CF on Cyber: The GDPR’s New Territorial Scope Guidelines

Cybersecurity and Privacy   |   December 6, 2018

The European Data Protection Board on November 16, 2018, released new guidelines to help describe how the GDPR will apply to data controllers and processors both within and outside the European Union. The Guidelines focus on the territorial application of the GDPR, including both the “establishment” and “targeting” criteria. In this podcast, attorneys Jack Clabby, Michael Yaeger, and Steven Blickensderfer discuss these new guidelines and how they affect businesses not only in the EU, but around the world.


Jack: So today we're going to talk about the new guidelines adopted on November 16th of 2018 from the European Data Protection Board. The goal today is not to go through this in long detail. They're pretty significant and that would take a long time. The goal today is to hit some of the highlights of these new guidelines, focusing on the impact of them for U.S.-based companies.

We have with us two Carlton Fields attorneys, Michael Jaeger, who's a shareholder in our New York office. Michael does a significant amount of cybersecurity work across industries with a particular experience in health care and financial services. We also have with us Stephen Blickensderfer who's a privacy attorney and a CIPP from our Miami office. So welcome, Michael and welcome, Steve.

Steve, let's get started with you. These guidelines are published by something called the European Data Protection Board. Can you give us a sense of what that is?

Steve: Hey Jack, thanks. So the European Data Protection Board or "the Board" for short, is an independent European body that promotes cooperation between e-regulators. It's comprised of the various Member State Data Protection Authority representatives and one of the main things they do is achieve this cooperation through guidelines, through issuing guidelines on the GDPR on big issues.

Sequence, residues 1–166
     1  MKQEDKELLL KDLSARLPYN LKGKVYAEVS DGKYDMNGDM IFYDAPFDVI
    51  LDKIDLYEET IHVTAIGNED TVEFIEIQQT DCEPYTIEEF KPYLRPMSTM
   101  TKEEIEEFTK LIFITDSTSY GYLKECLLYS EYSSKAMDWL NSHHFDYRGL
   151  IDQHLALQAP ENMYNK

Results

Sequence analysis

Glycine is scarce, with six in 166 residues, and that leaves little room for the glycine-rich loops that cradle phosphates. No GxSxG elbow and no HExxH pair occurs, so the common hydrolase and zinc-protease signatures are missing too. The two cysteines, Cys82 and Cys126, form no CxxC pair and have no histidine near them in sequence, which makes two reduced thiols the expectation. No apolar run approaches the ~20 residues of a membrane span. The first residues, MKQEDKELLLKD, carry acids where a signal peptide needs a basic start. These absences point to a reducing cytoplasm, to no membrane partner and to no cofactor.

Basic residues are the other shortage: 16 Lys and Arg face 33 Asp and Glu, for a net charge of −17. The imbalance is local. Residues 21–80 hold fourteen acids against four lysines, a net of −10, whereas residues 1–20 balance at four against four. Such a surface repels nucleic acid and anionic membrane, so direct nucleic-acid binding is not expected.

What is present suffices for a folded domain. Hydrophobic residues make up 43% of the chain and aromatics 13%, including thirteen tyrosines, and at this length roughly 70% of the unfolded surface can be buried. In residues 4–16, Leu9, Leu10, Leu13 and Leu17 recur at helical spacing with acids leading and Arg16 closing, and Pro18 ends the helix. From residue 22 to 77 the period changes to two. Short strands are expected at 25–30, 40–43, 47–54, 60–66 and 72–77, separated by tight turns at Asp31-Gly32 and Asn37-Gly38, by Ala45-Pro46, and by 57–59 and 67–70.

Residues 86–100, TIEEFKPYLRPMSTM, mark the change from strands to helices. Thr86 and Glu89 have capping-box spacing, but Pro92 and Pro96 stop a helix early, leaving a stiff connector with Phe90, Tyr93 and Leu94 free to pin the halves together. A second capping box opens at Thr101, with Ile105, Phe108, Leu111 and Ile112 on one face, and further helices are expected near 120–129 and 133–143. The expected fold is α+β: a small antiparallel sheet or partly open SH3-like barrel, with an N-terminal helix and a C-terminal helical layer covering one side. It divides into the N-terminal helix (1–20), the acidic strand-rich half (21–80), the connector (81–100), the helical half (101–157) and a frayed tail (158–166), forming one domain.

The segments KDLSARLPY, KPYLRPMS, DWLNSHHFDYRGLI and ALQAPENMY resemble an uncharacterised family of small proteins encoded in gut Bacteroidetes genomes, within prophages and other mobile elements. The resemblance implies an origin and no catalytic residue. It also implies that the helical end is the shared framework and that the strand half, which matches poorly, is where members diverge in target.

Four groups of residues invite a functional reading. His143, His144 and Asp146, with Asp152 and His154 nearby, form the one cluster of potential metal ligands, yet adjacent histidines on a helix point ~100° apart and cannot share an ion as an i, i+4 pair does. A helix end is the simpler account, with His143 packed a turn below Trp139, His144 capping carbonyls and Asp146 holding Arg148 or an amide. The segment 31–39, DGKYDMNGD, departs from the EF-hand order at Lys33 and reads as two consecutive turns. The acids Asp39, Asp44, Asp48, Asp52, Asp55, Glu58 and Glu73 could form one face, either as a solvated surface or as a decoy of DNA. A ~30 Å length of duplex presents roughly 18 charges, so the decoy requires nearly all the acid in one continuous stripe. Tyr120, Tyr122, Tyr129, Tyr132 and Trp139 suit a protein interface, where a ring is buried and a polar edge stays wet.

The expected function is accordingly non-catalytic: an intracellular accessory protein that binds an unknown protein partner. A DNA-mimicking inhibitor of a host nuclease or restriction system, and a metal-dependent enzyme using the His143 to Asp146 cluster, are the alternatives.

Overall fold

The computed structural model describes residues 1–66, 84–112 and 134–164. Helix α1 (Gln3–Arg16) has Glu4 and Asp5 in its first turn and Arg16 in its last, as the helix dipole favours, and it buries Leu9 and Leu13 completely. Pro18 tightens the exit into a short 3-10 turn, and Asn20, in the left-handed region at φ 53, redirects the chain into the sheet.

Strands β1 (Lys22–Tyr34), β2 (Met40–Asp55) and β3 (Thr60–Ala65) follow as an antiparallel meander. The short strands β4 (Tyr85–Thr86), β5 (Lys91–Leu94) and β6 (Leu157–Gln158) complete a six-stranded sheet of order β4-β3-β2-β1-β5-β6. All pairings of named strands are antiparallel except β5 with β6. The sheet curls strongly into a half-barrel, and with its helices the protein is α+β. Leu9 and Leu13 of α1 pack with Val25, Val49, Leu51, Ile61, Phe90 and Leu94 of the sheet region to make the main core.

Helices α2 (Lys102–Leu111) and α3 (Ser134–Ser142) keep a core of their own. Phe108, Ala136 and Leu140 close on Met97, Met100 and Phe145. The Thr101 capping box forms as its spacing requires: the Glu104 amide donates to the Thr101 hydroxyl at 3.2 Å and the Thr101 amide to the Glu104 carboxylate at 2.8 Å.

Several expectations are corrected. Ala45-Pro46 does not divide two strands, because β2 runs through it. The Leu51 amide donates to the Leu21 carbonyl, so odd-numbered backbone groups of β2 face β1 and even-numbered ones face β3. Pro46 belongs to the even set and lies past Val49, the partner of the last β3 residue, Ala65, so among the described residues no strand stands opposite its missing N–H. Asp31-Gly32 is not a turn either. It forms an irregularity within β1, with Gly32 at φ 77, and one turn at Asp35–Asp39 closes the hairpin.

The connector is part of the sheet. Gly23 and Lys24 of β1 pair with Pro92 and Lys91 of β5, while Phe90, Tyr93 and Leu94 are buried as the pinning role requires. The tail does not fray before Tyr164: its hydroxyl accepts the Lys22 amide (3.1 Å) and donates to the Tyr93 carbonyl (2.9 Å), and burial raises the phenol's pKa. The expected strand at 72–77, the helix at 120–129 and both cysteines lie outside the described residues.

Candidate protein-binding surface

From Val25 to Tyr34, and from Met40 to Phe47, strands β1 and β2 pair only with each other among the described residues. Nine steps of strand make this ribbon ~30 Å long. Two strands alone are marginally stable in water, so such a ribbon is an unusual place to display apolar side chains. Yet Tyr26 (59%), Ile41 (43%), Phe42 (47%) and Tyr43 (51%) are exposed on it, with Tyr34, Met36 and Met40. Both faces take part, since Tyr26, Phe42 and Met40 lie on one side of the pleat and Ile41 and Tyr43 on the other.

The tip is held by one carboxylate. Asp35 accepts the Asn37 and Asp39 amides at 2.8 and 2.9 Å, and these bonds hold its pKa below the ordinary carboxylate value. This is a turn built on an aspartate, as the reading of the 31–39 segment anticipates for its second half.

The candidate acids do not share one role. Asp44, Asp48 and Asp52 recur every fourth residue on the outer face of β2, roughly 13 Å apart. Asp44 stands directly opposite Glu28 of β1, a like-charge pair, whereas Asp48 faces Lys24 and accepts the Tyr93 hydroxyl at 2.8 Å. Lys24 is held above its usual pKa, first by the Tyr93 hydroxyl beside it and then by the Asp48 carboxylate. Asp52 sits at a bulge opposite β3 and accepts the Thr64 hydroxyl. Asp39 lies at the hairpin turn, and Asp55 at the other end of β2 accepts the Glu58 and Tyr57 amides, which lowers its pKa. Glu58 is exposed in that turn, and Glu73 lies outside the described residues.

Just to provide some context on how important some of these guidelines are, back in March I went to the, you know, was at a big conference. The European regulators were there and one of the messages that they conveyed to us was that they believe that we have enough guidelines or that there are sufficient guidelines out there and that they, you know, put enough information out there where companies can start, you know, can be well on the road to GDPR compliance.

So, you know, we've been waiting for these guidelines on extraterritoriality of Article 3 for quite some time so it's, you know, one of those things that we shouldn't expect too many more guidelines. So when we do see guidelines from the Board, it's pretty important. We should all take notice.

So one of the other things I wanted to mention were the import—or the effect of these guidelines. Really, at the end of the day, they're persuasive authority. The GDPR is enforced by the Member State Data Protection Authorities and it's interpreted by European courts, not the Board. However, it's safe to say that these guidelines are pretty persuasive. Particularly where we see the Board aligning itself with European court case law, you know, the Google versus Spain case for instance. So, you know, I think it's safe to say that these guidelines in particular were pretty persuasive.

Jack: Alright, so Michael, we heard from Steve a bit about the Board that creates these guidelines, but this particular release in mid-November, you know, what is it aimed at?